Conclusion

The analysis of the above materials demonstrates that many national ways of treatment may be rational thus leading to positive results: these are different types of massage, diathermy, herbal extracts, different animal and mineral drugs, etc. A great number of rational treatment methods and techniques confirms relatively high level of traditional medicine in the Caucasian region. Traditional techniques and methods of child disease treatment demonstrate the combination of rational and irrational ways of doctoring typical for traditional medicine. The national experience in the field of children’s health and treatment of child diseases reflects the accumulation of positive experience of doctoring and a complex set of religious ideas of the people of the Caucasus, their mindset being an important component of their spiritual culture.

References

  1. Antonyan, Yu. Yu., & Israelyan, A. R. (2012). Healing, fortunetelling and amulets. Armenians. Moscow: Nauka.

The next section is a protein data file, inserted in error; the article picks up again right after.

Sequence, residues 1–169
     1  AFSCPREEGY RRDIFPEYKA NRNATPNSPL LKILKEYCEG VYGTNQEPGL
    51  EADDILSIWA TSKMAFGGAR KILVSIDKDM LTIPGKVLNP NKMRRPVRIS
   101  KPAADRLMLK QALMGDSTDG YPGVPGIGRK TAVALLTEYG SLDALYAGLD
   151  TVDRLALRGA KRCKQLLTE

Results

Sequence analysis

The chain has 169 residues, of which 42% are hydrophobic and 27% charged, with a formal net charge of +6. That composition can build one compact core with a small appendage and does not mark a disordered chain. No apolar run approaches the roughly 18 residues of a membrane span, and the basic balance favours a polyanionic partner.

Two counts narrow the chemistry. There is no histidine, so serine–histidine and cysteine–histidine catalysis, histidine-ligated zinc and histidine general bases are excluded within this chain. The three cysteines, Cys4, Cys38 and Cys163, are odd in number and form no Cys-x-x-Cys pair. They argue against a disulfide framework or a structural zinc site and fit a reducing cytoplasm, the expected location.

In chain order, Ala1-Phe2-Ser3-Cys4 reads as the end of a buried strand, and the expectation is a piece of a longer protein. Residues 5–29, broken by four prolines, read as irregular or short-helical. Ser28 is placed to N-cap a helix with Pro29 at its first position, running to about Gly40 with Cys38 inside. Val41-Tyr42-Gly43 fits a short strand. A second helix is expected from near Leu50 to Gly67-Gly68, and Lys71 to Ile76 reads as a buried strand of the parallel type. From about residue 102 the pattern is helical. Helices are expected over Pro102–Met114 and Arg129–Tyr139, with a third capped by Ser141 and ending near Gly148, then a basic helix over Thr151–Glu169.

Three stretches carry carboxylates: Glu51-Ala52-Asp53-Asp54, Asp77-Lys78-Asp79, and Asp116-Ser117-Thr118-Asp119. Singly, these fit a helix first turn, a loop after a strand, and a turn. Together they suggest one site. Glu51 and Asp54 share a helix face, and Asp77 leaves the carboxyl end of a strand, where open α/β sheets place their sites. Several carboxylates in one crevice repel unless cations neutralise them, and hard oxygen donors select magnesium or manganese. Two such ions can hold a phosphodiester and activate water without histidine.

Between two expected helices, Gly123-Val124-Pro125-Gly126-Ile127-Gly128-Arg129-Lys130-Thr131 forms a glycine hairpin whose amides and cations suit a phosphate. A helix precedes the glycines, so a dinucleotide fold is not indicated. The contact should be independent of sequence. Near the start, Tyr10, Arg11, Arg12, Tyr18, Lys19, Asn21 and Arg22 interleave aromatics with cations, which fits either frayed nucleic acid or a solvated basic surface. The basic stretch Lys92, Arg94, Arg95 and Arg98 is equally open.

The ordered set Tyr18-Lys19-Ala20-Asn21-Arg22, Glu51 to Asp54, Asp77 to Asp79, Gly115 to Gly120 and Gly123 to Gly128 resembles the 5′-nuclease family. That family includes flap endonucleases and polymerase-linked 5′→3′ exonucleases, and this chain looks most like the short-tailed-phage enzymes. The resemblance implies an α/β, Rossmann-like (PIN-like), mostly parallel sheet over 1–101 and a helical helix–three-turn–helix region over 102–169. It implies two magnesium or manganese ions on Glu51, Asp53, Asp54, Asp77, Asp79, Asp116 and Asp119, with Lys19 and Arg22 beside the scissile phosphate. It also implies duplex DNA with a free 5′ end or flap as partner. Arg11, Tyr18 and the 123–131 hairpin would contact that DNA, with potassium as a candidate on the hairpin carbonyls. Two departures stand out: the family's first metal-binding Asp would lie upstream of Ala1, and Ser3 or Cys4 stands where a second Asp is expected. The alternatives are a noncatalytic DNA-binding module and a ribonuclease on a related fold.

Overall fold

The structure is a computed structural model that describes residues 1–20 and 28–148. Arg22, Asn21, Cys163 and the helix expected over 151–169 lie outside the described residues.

2. Arshba, S. G. (2007). Traditional medicine of Abkhazians. Moscow: IEA RAS.
  3. Arutyunov, S. A. (2012). Ethnicity silhouettes at a civilization background. Moscow: INFRA-M.
  4. Bataev, Kh. M., & Khasbulatova, Z. I. (2012). Traditional medicine. Chechens. Moscow: Nauka.
  5. Burduli, M. (2016). National traditions of child education in Georgia. Tbilisi: Palitra.
  6. Dzarakhova, Z. M.-T. (2014). Traditional medicine. Ingush people. Moscow: Nauka.
  7. Khasbulatova, Z. I. (2018) Family and family ceremonialism of the Chechens in the 19th – the beginning of the 20th century. Moscow: Diona.
  8. Kuchmezova, M. Ch. (2003). Socionormative culture of the Balkars: traditions and the present days. Nalchik: El-Fa.